US Support for Regional Diplomacy

    The ongoing phase of de-escalation between Iran and its Gulf neighbours began in earnest in 2019 when Iran reeling under Washington’s ‘maximum pressure’ campaign, retaliated by attacking Gulf shipping and energy infrastructure. The risk of direct war with Iran and uncertainties about the US security guarantees led key US allies the UAE and Saudi Arabia to seek dialogue with Tehran. Further, Biden administration has not only reversed Trump’s anti-Iran efforts, by engaging Tehran to revive the JCPOA, it is also encouraging its Gulf allies for dialogue with Iran. In the run up to the resumption of nuclear talks following Iran’s presidential election, US special envoy on Iran, Robert Malley visited its Gulf Cooperation Council (GCC) allies and Israel. At Riyadh, Malley and political directors of the E3 (France, Germany, the UK) held dialogue with GCC states and issued joint statement noting that “a return to mutual compliance with the [nuclear deal] would benefit the entire Middle East”.17 Later, speaking at Manama Dialogue, Malley argued that Iran’s destabilising activities—ballistic missiles, explosive drones and terrorist militias—are not America’s problems, and should be solved independent of nuclear talks and in negotiations between Iran and its regional opponents.18 Notably, Malley’s position was closer to Iran’s own “principled position” on resolving regional issues through “interaction and cooperation”.19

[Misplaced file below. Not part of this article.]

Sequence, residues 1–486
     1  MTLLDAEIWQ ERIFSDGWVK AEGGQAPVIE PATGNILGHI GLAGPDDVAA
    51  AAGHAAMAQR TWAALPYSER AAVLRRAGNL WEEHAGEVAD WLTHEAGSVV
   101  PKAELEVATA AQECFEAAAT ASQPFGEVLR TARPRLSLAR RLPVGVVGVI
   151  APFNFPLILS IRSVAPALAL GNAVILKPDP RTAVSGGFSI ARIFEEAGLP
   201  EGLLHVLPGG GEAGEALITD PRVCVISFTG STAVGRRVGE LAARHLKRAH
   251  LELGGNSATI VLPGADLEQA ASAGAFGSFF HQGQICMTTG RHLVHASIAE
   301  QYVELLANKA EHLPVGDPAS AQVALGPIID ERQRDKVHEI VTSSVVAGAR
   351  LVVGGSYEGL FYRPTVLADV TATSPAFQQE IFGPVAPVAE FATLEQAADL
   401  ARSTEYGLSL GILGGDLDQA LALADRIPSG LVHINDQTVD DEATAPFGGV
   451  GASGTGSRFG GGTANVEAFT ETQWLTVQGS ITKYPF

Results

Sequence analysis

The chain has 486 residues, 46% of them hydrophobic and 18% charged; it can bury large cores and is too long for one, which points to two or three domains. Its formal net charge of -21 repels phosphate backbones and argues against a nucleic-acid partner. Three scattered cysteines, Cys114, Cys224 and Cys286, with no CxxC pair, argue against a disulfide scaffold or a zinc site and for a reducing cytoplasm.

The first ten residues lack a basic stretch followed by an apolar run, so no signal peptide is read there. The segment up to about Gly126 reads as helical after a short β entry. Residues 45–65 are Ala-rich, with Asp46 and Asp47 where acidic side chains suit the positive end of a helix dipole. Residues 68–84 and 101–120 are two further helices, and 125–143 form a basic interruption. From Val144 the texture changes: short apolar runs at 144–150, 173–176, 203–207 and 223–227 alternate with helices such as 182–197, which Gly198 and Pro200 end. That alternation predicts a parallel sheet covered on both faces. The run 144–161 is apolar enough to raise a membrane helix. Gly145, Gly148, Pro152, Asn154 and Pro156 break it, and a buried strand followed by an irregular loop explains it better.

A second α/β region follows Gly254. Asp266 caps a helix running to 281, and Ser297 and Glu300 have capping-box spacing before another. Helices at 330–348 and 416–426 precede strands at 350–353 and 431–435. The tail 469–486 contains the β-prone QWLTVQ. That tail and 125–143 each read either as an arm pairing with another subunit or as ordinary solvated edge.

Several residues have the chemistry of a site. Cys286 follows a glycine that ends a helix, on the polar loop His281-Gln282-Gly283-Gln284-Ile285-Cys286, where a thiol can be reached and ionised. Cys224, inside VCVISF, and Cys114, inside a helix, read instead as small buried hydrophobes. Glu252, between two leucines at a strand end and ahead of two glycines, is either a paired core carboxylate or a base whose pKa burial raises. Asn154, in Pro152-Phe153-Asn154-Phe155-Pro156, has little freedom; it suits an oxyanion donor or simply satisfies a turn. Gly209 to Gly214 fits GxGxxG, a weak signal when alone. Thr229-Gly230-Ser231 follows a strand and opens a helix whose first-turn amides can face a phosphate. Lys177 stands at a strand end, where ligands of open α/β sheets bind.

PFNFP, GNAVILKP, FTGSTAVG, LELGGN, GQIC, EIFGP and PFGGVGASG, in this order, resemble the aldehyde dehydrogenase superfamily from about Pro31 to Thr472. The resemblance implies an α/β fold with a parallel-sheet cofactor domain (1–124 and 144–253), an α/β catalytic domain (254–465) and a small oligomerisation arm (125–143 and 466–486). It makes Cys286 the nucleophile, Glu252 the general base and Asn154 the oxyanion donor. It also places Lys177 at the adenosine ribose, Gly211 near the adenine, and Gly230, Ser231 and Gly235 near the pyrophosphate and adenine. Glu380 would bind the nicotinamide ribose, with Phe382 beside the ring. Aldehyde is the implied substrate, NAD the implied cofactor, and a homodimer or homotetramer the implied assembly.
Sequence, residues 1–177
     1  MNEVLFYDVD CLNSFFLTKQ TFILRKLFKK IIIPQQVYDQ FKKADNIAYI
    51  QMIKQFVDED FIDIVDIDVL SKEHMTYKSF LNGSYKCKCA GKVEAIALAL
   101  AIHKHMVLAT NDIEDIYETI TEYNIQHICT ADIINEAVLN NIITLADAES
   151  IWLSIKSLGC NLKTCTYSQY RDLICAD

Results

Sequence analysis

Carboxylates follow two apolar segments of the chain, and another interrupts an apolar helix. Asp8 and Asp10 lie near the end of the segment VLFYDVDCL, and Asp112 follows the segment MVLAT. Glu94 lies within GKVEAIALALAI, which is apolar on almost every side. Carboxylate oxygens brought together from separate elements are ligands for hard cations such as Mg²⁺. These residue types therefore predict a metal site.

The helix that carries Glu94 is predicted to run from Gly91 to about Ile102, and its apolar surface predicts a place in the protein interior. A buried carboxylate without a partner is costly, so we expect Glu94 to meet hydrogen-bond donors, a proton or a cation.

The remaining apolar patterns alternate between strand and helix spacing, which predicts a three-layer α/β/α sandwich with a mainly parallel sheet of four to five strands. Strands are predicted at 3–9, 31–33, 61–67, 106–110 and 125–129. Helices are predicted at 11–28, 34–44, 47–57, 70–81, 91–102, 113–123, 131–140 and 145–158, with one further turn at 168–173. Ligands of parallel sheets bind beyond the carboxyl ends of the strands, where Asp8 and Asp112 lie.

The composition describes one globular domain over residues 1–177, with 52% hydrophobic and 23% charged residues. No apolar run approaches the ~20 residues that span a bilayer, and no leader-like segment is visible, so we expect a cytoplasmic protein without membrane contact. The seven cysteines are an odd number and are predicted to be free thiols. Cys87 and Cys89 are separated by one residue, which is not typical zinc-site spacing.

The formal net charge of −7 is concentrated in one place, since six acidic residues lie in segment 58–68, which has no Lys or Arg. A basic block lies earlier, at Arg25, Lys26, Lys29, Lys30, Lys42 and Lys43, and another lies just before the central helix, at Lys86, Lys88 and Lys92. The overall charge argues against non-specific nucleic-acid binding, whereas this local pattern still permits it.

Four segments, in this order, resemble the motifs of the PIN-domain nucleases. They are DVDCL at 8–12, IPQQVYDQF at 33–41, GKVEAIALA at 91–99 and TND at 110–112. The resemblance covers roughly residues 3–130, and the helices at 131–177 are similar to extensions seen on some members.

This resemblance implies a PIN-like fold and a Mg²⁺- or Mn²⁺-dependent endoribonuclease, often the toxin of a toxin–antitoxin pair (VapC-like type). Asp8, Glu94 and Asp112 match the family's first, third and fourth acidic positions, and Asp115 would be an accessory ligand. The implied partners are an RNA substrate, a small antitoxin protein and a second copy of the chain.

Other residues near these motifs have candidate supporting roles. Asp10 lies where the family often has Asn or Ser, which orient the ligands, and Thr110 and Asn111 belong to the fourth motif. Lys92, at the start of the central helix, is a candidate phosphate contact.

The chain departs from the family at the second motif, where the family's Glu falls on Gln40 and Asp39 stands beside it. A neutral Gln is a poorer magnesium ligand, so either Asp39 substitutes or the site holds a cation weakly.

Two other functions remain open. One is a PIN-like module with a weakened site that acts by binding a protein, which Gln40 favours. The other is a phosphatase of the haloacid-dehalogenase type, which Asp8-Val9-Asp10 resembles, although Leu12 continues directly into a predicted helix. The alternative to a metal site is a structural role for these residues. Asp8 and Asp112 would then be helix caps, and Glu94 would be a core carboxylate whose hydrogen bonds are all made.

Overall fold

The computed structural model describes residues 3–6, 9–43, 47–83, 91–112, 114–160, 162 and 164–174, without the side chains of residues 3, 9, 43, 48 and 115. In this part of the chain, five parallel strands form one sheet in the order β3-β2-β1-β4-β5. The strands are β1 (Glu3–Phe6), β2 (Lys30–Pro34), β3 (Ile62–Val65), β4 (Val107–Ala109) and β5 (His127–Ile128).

Previously, in the wake of the signing of the Joint Comprehensive Plan of Action in 2015, Rouhani administration had sought to initiate dialogue with Iran’s Gulf neighbours but the policy ran into straits as Iran and Saudi Arabia found themselves on the opposite sides in conflict in Syria, Yemen and competed for influence in the broader region of West Asia and North Africa. This time around, the dialogue between Tehran and Riyadh is happening in a vastly different regional and international context favouring continuing de-escalation of tensions. As the fate of Iran–Saudi diplomacy seems to be entwined with that of the nuclear talks in Vienna, Tehran is also keen on presenting itself as a ‘constructive player’ by taking forward its dialogue with Riyadh.

    Views expressed are of the author and do not necessarily reflect the views of the Manohar Parrrikar IDSA or of the Government of India.